• Layout designs of Integrated circuits –The creation of a new layout design of an integrated circuit involves enormous investment, both in terms of money and the time of highly qualified experts. Semiconductor integrated circuit means a product having transistors or other circuitry elements which are inseparably formed on a semiconductor material or an insulating material or inside the semiconductor material and designed to perform an electric circuitry function[4]. Layout design means a layout of transistors, and other circuitry elements and includes lead wires connecting such elements and expressed in any manner in a semiconductor integrated circuit.[5]
  • Geographical indications– It indicates that particular goods originate from a country, region or locality and has some special characteristics, qualities or reputation, which are attributable to its place of origin. These special characteristics, qualities or reputation may be due to various factors, e.g. natural factors such as raw materials, soil, regional climate, temperature, moisture etc.; or the method of manufacture or preparation of the product such as traditional production methods; or other human factors such as concentration of similar businesses in the same region, specialization in the production or preparation of certain products and the maintaining of certain quality standards.[6]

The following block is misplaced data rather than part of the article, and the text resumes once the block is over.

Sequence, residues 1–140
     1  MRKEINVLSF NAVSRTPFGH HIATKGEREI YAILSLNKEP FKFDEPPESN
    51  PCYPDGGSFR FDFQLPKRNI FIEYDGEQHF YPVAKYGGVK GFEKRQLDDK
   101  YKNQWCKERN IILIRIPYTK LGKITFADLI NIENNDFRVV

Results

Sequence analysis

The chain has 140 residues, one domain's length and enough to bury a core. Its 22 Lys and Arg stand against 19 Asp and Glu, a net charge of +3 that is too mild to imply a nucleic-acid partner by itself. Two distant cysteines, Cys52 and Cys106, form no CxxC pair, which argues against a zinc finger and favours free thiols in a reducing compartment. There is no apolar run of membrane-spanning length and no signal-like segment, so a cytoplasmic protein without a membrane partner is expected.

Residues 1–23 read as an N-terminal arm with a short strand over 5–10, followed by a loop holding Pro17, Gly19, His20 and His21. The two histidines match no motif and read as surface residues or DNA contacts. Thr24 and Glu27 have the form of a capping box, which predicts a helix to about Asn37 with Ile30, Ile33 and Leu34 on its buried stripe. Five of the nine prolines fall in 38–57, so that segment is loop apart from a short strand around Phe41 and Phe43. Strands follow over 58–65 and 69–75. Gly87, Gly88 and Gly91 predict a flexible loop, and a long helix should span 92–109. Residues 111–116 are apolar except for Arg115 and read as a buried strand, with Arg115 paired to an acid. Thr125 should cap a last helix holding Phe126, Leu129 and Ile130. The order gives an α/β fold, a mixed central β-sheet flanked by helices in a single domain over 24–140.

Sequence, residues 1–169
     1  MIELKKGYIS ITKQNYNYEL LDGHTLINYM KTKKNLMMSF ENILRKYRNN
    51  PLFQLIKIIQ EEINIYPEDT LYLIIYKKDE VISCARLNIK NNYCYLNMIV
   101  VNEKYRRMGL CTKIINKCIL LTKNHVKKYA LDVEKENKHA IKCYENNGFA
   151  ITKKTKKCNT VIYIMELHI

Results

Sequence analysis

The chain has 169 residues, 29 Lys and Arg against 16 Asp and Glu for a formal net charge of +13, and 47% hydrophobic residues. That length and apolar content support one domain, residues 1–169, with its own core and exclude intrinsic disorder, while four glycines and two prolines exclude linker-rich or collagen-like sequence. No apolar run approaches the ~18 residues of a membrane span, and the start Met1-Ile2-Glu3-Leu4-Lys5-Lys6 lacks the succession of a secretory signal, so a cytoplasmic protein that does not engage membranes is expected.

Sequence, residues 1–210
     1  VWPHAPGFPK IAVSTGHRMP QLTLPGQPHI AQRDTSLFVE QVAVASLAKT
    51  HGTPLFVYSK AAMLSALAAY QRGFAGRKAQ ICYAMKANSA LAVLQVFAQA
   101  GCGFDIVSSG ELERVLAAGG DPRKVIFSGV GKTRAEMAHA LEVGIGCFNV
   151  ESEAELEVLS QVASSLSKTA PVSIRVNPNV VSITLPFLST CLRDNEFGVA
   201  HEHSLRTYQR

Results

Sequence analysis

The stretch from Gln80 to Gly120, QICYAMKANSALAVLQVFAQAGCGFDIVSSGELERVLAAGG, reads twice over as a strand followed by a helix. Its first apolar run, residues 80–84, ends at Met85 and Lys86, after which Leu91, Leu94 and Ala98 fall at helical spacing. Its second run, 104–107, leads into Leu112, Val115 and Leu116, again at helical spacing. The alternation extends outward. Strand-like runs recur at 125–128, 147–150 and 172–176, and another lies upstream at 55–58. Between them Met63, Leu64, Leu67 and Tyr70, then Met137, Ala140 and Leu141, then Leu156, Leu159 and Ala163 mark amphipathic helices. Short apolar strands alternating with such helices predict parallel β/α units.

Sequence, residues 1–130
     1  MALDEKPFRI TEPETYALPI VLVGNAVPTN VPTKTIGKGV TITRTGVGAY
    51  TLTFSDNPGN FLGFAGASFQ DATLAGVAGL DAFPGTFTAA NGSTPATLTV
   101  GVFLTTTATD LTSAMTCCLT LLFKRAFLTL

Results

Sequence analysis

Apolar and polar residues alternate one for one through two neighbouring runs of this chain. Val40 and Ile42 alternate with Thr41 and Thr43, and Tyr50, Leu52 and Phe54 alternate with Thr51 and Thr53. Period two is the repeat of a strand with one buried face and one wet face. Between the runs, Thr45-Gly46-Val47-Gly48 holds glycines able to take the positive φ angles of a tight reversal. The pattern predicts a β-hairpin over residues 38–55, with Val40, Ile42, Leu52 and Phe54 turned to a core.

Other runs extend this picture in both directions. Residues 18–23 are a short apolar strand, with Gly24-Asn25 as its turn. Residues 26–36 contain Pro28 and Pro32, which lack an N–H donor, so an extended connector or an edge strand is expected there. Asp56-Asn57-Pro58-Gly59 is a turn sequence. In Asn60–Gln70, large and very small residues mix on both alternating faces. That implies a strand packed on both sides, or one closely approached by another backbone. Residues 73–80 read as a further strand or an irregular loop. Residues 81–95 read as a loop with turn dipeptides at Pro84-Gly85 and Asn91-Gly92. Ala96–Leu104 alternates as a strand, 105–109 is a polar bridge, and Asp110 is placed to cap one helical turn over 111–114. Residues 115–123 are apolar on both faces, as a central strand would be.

III. IPR AND DIGITAL RIGHTS:

In the digital age the issue of privacy is an important subject where unauthorized data sharing, data integration, unethical data utilization and unauthorized public disclosure are  the major areas of concern. The major issues

are as follows:

  1. Is digitization to be considered as similarto reproduction, for example using Xerox machine?
  2. Is digitization a creative activity such as translation from one language to another?
  3. Can transmission of digitized documents through Internet be considered as commercial distribution or public communication similar to broadcasting?
  4. Can weconsider database as a special collected work that should be protected by the copyright law?
  5. What can be considered as fair use in the Internet environment?
  6. What are the concerns of the library community?
  7. In the digital context if access restricted by the copyright owner, how could the public exercise fair use with those work?